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6th July was International Kissing Day, but is a kiss everything it is made out to be? When does a kiss become something that inflicts trauma?
*Trigger warning: This post contains details of physical abuse on a child which may be triggering to the survivors.
Life is at a standstill, owing to the current pandemic situation. Lockdown, an inevitable vital step but none the less for me a lazy vacation; ensures we get ample rest and rest and some more rest.
Idling in front of my laptop, with my home screen on, a question struck. How do we feel about this day in general? Google immediately cleared my queries. The sixth day of the month of July is demarcated the International Kissing Day.
As awkward and questionable it may sound, each hiker on a different trek would eventually end up at the same view, rejoice love. A kiss is a statement; a basic instinct to express affection during surges of happy emotions.
The train of thoughts took me a few years back. I had come across a platform, people speaking out against abuse and victimization. One article voiced self-experience, was written by Pakhi, an old schoolmate; shy yet friendly and helpful.
As I was scanning through the article, feelings of disgust, rage and empathy curdled. No one is liable to justify the misfortune of being an abuse survivor. Pakhi had been barely 9. Her article was written in the third person.
“Pakhi felt at ease, a familiar face amid the anxious guardians waiting outside the school gates. Alok Dada was her father’s secretary; an ideal, intelligent, diligent man; excellent at his work, a trusted employee. Standing at 1.7 meters, he was practically a giant for her. He differed vastly from all the other people around her; kind eyes, jolly nature and a warm aura.
She had never experienced the joy of having her parents pick her up from school, but she used to look forward to her time with Dada. He would listen to her talk and smile at her childish jokes; in return talking animatedly about fables she had never heard of. He used to buy her favourite cheap orange candies, those which mothers forbade in dread of tooth decay. She did love him in her own small way.
Pakhi imbibed the habit of reading books from an early age; hours stuck up in her little library fuelling her imagination. Her parents feared that she would turn out to be lonely and introverted, but she had no complaints; after all, Dada was always there to listen; an important existence in her life.
Alok Dada used to talk about his daughter, Risha. His fondness was evident, and every time, his eyes used to light up. Pakhi had imagined her through the eyes of her father. As she had no siblings of her own, a little corner in her heart was reserved for Risha.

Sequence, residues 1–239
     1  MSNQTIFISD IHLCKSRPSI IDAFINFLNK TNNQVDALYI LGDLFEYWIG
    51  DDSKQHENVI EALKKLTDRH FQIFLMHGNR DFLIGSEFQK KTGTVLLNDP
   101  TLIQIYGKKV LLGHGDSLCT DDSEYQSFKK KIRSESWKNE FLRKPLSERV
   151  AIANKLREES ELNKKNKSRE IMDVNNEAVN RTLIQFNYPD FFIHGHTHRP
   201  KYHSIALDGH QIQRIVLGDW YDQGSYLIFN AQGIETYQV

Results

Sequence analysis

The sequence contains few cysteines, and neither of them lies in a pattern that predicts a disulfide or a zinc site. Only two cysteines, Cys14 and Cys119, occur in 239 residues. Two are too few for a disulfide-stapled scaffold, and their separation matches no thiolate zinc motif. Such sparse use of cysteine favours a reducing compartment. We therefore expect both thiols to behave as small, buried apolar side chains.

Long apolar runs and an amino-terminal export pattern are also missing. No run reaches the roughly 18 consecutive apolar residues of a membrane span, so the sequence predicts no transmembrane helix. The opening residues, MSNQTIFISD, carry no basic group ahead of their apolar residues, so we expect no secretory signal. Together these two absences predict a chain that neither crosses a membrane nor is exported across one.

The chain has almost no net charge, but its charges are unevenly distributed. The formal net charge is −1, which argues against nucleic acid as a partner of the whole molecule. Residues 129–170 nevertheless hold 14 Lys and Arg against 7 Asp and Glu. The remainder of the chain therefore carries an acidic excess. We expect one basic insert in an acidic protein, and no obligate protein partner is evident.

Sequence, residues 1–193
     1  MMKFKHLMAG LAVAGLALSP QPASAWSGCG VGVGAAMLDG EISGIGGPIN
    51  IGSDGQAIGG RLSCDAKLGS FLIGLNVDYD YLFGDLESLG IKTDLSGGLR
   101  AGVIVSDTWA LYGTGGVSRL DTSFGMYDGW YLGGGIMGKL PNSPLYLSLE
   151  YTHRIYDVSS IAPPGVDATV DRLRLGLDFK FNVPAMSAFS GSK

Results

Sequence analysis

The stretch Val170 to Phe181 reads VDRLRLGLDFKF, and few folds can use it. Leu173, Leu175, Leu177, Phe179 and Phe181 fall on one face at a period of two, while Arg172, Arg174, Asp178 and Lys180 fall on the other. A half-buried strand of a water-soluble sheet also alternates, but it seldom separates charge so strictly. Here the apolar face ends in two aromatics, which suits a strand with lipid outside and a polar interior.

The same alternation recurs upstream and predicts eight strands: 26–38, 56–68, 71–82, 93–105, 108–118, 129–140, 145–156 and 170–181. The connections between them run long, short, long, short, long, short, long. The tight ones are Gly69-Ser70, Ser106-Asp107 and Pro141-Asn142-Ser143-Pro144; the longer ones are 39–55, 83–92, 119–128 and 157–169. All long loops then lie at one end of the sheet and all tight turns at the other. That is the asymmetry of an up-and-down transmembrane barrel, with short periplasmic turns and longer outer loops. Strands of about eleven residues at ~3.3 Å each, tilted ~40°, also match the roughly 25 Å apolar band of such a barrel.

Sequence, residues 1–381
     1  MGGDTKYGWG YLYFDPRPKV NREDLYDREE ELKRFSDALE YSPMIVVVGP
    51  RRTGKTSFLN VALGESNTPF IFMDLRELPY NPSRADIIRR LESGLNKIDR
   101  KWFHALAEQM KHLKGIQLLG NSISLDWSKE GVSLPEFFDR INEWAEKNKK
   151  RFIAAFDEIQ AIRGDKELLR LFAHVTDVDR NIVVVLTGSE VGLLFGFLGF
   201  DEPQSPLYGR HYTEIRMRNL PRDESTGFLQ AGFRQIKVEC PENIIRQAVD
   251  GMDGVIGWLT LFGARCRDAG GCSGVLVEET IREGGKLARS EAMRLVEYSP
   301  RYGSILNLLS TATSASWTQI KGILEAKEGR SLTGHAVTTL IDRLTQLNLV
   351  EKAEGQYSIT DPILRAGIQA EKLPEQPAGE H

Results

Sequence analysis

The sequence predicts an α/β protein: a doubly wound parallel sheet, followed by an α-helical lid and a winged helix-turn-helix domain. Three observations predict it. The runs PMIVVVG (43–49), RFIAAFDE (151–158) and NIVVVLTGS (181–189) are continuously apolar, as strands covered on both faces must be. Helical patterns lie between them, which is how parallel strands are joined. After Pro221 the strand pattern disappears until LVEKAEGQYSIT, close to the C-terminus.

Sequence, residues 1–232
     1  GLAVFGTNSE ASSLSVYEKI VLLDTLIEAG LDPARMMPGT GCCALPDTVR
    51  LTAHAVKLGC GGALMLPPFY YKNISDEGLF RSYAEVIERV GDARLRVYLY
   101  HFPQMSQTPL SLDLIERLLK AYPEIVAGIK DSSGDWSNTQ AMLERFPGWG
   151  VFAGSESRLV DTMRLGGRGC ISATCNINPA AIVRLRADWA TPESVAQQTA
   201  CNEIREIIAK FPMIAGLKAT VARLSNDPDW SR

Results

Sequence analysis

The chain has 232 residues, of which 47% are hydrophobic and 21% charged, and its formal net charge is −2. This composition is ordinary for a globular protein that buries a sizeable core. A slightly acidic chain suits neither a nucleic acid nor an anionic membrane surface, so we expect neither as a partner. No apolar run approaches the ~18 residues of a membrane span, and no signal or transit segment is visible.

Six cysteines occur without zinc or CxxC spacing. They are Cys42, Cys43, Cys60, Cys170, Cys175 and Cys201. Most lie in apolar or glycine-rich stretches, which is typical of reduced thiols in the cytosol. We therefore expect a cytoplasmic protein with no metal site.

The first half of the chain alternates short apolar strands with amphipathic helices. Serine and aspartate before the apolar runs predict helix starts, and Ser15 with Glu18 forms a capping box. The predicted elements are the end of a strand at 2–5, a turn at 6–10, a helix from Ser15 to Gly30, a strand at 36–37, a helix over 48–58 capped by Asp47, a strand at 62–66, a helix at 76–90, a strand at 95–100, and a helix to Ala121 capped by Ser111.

A week before Risha’s 9th birthday, Pakhi and Maa had planned out a nice gift for her; a card and a beautiful violet princess frock. Pakhi gave Dada Risha’s birthday gift. Rejoicing in the thoughtfulness this small kid had spared for his daughter, he picked her up in his arms and kissed her lightly on her lips; a genuine show of affection on his part, it seemed. But this time he had forgotten to mention, “Pakhi baby, it is our little secret. No one needs to know. It is because we love each other.”
Pakhi’s innocent mind had registered that it was safe to tell Maa, it was not a secret. She was perplexed as to why this took a turn for the worse.
Maa was shattered on hearing about it, sobbing and asking her to explain what other secrets they had. She shared about how she was frequently showered with kisses and at times forceful rough touches.
That was the last day Pakhi had seen Alok Dada. As she grew up and understood that what she had actually been through was sexual abuse, her mind withdrew and shut itself. She felt violated and disgusted. The scars left years ago etched into her memory, itched and no amount of scrubbing or scratching brought relief. How could someone as Alok Dada be a predator? A model of a man, feasting upon the innocent lamb. She had trusted him to protect her but he was the one exploiting.”
Years of therapy and meditation sessions later, she was finally out of her nutshell, voicing her self-experience, opinions and fights against abuse.
Children have the biggest of hearts to recognize and love kindness in any form whatsoever. This innocence should be protected as it is prone to attract exploiters.
A kiss is a statement; a basic instinct to express affection during surges of happy emotions. A kiss is to celebrate love not the hunger of a predator.
The basic equations to fight against child sexual abuse are: familiarizing ourselves on noticing changes in their behaviour, educating our children on the difference between right and wrong kind of touches and kisses, encouraging them to speak their minds.
People at large have a moral obligation to speak up against such predatory behaviour. It is our duty to step up, that can save a child from getting his/her innocence robbed.
Image source: unsplash
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Another great work by the author.
Thank you, Adnan.
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